25 Years Ago, Thousands of Rubber Ducks Mapped the World

25 Years Ago, Thousands of Rubber Ducks Mapped the World

RUBBER DUCKS HAVE MAPPED THE WORLD, FLOATING IN OCEANS FOR 25 YEARS

It’s been more than a quarter of a century since the Greek owned merchant ship Evergreen Ever Laurel left port filled with First years rubber ducks and other plastic toys.  But the Pacific Ocean swept them off the deck and into the sea somewhere between Alaska and Hong Kong.  In the years since, these many thousands of rubber ducks mapped the world.  How did they do this?  By coasting along on the worldwide, interconnected currents.  It’s been 25 years and these bathtub buddies are still appearing on coastlines all over the world. 

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DUCKS REMIND US THERE IS ONLY ONE OCEAN, WITH POLLUTION SWIRLING EVERYWHERE

So sure, this is “old news” as it were.  But it is also still “live” news, as a few thousand of these rubber ducks are still out there.  And, they’re still drawing attention to a huge problem: widespread ocean pollution.  But especially plastic.  These internationally travelling rubber ducks have also helped people all over the world feel connected.  But that’s for at least two reasons.  So for one, they’re cute.  But for two, they all entered the ocean in one location, only to have members of the splash guard travel all over the world.  They are a constant reminder that the world’s oceans and seas are really just one body of water.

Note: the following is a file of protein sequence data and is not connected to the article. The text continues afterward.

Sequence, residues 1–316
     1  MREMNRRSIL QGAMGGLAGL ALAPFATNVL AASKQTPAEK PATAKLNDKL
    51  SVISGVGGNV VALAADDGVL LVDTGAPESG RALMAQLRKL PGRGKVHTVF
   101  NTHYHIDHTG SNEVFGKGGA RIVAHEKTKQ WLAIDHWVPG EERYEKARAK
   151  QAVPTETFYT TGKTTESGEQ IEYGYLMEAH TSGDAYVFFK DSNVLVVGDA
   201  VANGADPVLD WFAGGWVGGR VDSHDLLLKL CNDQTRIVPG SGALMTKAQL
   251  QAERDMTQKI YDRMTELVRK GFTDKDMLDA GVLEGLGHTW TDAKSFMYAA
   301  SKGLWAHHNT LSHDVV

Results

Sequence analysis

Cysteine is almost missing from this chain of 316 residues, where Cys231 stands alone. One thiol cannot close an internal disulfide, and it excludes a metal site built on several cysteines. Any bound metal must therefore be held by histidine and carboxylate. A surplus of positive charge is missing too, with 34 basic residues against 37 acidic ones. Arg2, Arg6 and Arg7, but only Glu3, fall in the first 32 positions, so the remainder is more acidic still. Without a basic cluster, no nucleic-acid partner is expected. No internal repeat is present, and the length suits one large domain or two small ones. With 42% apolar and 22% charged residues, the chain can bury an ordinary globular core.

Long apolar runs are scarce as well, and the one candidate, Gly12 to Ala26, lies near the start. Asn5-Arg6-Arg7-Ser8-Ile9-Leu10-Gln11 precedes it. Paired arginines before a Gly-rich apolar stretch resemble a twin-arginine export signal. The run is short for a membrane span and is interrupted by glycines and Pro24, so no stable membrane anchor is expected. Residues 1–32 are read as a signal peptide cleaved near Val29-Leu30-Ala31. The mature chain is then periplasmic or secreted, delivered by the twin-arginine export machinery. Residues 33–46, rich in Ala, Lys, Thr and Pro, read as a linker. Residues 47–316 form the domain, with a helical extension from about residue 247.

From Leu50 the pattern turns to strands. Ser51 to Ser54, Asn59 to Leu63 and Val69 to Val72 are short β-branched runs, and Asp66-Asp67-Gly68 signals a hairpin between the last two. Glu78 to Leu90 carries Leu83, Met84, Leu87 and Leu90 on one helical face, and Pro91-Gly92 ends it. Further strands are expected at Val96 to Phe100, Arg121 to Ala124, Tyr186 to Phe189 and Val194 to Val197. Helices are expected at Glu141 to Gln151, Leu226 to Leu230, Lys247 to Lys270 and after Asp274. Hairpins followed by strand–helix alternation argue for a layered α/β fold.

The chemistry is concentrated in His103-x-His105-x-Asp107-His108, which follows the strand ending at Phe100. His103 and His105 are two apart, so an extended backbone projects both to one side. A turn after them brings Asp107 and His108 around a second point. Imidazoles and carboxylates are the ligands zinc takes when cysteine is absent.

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DUCKS HAVE TRAVELLED OVER 17,000 MILES, SO FAR, AROUND THE ENTIRE WORLD

So these guys have travelled more than 17,000 miles.  But that number will continue to grow.  They passed over Titanic’s resting place.  They landed in Hawaii.  Many of them have and are spending years frozen in Arctic ice.  They’ve made their way to the shores of the British Isles.  But they also made it to South Africa and Australia.  Pick a shoreline anywhere in between and you damn betcha these “friendly floatees,” as some fans dubbed them, have washed ashore as well.  But now these non-biodegradable bad boys are also teaching us a lot about the “one ocean” and how we can maybe really begin to fight pollution.

Seeing as how 10,000 shipping containers like the rubber ducks fall into the waters off ships every year, it’s about damn time we look at this seriously.  We are late to class and the lesson already stings.

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